Zuckerman v. The Metropolitan Museum of Art, 062619 FED2, 18-634
|Opinion Judge:||Katzmann, Chief Judge:|
|Party Name:||Laurel Zuckerman, as Ancillary Administratrix of the Estate of Alice Leffmann, Plaintiff-Appellant, v. The Metropolitan Museum of Art, Defendant-Appellee.|
|Attorney:||Lawrence M. Kaye (Ross L. Hirsch, Yael M. Weitz, on the brief), Herrick, Feinstein LLP, New York, NY, for Plaintiff-Appellant. David W. Bowker, Wilmer Cutler Pickering Hale and Dorr LLP, Washington, DC; Michael D. Gottesman, Wilmer Cutler Pickering Hale and Dorr LLP, New York, NY, for Defendant- ...|
|Judge Panel:||Before: Katzmann, Chief Judge, Livingston and Droney, Circuit Judges.|
|Case Date:||June 26, 2019|
|Court:||United States Courts of Appeals, Court of Appeals for the Second Circuit|
Argued: February 27, 2019
Plaintiff-Appellant Laurel Zuckerman appeals from the judgment of the United States District Court for the Southern District of New York (Preska, J.) dismissing her complaint for failure to state a claim. Zuckerman seeks recovery of a painting by Pablo Picasso that has been in the Metropolitan Museum of Art's possession since 1952. The painting once belonged to Zuckerman's ancestors, Paul and Alice Leffmann, who sold it in 1938 to a private dealer to obtain funds to flee fascist Italy after having already fled the Nazi regime in their native Germany. The district court concluded that Zuckerman failed to allege duress under New York law. We do not reach the issue of whether Zuckerman properly alleged duress because we find that her claims are barred by the doctrine of laches. Accordingly, we AFFIRM.
Lawrence M. Kaye (Ross L. Hirsch, Yael M. Weitz, on the brief), Herrick, Feinstein LLP, New York, NY, for Plaintiff-Appellant.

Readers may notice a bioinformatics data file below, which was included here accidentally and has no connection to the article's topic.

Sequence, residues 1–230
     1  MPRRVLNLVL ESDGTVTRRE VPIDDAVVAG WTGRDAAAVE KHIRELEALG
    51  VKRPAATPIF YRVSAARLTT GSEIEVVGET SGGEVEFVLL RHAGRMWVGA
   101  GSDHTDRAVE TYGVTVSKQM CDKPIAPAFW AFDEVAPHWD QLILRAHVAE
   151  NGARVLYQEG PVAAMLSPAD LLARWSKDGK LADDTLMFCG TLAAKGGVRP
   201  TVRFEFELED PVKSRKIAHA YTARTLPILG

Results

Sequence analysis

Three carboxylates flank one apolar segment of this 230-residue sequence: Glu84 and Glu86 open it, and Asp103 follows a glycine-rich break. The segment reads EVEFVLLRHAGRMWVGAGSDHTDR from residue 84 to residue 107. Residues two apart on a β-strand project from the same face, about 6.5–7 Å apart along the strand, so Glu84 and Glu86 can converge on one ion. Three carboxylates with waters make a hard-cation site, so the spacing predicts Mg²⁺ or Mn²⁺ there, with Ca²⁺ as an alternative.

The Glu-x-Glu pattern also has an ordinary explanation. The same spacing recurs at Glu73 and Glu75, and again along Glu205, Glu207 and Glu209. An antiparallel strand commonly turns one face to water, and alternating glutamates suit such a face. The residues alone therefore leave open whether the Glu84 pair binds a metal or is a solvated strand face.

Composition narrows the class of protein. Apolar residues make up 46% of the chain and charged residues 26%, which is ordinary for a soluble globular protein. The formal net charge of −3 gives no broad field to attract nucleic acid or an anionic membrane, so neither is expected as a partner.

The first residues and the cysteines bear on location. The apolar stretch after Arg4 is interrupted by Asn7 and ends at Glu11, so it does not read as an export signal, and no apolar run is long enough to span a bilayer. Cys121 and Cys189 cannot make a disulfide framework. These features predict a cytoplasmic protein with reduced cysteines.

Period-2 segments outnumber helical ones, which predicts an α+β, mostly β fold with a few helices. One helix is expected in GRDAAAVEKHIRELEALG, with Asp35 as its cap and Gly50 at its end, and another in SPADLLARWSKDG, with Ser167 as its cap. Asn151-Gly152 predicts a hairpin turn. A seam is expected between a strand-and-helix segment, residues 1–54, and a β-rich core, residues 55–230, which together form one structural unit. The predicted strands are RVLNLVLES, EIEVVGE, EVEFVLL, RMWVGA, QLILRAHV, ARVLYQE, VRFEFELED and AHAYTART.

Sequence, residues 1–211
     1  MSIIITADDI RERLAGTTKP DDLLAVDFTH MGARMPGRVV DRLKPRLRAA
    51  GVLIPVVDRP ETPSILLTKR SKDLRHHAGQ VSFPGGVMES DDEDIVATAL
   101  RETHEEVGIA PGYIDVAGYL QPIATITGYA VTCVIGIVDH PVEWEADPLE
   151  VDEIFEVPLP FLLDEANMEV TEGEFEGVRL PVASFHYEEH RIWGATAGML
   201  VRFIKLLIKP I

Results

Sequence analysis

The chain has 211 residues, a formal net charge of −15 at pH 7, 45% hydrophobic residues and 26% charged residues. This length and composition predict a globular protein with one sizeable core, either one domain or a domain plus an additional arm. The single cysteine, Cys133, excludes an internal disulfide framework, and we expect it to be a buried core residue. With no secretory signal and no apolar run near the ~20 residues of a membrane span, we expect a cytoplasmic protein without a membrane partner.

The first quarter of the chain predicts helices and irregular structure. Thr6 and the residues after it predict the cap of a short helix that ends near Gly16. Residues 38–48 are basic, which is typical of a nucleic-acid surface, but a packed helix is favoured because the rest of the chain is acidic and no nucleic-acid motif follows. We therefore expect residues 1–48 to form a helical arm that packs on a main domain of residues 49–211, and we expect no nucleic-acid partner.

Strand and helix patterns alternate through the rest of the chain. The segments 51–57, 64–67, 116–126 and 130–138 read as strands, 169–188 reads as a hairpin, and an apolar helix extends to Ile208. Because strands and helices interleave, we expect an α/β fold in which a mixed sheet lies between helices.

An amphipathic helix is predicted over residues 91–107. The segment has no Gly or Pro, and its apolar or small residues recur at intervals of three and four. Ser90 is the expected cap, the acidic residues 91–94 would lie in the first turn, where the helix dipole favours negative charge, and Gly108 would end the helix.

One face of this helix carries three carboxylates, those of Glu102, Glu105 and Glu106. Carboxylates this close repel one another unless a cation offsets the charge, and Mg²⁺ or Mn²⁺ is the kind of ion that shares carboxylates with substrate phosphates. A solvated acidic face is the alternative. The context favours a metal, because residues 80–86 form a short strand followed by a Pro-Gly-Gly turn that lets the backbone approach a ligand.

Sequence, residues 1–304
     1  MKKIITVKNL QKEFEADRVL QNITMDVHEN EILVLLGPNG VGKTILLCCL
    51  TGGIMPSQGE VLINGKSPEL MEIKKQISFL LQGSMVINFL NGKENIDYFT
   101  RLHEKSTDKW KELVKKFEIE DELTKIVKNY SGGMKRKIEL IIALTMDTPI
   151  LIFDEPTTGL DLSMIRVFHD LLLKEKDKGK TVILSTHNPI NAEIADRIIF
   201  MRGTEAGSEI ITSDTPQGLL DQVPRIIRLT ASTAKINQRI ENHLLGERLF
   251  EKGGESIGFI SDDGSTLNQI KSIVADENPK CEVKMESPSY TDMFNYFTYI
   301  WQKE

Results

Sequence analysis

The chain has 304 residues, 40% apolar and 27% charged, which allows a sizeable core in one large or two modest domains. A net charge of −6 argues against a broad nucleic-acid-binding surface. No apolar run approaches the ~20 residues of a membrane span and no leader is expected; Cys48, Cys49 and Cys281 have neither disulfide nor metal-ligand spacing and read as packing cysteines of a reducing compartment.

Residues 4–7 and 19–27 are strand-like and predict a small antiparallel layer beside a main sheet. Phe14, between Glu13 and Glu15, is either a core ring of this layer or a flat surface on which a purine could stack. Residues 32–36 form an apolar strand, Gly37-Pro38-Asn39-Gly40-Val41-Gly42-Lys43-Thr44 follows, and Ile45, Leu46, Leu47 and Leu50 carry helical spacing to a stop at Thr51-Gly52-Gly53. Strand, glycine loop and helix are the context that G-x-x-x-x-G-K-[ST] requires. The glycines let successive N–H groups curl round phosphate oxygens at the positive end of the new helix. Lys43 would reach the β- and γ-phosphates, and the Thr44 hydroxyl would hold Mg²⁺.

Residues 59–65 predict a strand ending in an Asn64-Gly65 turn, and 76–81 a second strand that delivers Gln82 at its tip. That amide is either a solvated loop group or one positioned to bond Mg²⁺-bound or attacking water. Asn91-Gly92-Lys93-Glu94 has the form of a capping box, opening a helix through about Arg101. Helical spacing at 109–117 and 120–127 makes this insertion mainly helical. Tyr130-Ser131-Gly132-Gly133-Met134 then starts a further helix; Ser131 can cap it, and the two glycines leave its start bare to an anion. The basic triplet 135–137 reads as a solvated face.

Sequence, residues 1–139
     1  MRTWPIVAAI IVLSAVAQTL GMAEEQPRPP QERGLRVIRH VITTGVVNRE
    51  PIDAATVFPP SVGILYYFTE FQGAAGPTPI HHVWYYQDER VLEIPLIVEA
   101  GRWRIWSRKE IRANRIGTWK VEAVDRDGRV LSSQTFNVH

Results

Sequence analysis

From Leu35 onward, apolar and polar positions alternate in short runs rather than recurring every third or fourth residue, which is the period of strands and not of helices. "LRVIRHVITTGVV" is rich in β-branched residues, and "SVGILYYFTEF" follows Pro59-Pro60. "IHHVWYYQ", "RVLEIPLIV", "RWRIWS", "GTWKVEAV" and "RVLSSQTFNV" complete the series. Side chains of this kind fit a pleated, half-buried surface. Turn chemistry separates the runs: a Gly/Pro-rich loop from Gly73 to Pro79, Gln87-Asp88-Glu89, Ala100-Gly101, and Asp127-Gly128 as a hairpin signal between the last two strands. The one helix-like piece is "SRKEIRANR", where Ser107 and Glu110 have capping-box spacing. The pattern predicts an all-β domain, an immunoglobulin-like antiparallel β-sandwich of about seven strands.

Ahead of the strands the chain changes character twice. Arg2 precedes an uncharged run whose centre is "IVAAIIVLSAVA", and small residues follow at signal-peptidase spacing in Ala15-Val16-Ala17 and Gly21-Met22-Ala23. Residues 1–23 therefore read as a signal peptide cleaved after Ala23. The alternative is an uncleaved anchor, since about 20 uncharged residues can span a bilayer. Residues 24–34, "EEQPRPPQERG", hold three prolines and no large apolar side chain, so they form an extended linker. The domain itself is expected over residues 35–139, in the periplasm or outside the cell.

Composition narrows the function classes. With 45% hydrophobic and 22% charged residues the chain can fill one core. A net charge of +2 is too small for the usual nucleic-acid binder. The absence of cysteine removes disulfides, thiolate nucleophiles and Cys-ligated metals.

David W. Bowker, Wilmer Cutler Pickering Hale and Dorr LLP, Washington, DC; Michael D. Gottesman, Wilmer Cutler Pickering Hale and Dorr LLP, New York, NY, for Defendant- Appellee.
Thomas J. Hamilton, John J. Byrne, Jr., Byrne Goldenberg & Hamilton, PLLC, for Amicus Curiae Holocaust Art Restitution Project.
Stanley W. Levy, Benjamin G. Shatz, Diana L. Eisner, Danielle C. Newman, Manatt, Phelps & Phillips, LLP, for Amici Curiae The 1939 Society and Bet Tzedek.
Owen C. Pell, White & Case LLP, for Amici Curiae Natalia Indrimi, Professor Guido Alpa, and Avv. Renzo Gattenga.
Jennifer A. Kreder, Cincinnati, OH, for Amici Curiae Bnai Brith International, Raoul Wallenberg Centre for Human Rights, Simon Wiesenthal Center, Omer Bartov, Michael Berenbaum, Stuart Elliot Eizenstat, Richard Falk, Eugene Fisher, Irving Greenberg, Peter Hayes, Marcia Sachs Littell, Hubert G. Locke, Wendy Lower, Bruce F. Pauley, Carol Rittner, John K. Roth, Lucille A. Roussin, William L. Shulman, Stephen Smith and Alan Steinweis.
Before: Katzmann, Chief Judge, Livingston and Droney, Circuit Judges.
Katzmann, Chief Judge:
In the 1930s, the German government, under the control of Adolf Hitler's National Socialist German Workers' Party (the "Nazis"), launched a campaign of oppression against German Jews and other minorities. As part of its reign of terror, the Nazis and their affiliates forced Jews out of their homes, seized their businesses, and stripped them of their property. By the late 1930s, life in Germany for Jewish people became so dangerous that many were forced to flee the country. Of those who were unable to escape, most were removed from their homes, shipped to concentration camps, and murdered.
In recent decades, with the passage of time and as the number of survivors of Nazi brutality diminishes, there has been a sense of urgency that some measure of justice, albeit incomplete, be given to those victims and their heirs. International conferences and subsequent declarations have outlined principles designed to ensure, for example, that "legal systems or alternative processes, while taking into account the different legal traditions, facilitate just and fair solutions with regard to Nazi-confiscated and looted art." Prague Holocaust Era Assets Conference: Terezin Declaration, Bureau of European and Eurasian Affairs, U.S. Department of State (June 30, 2009), https://2009-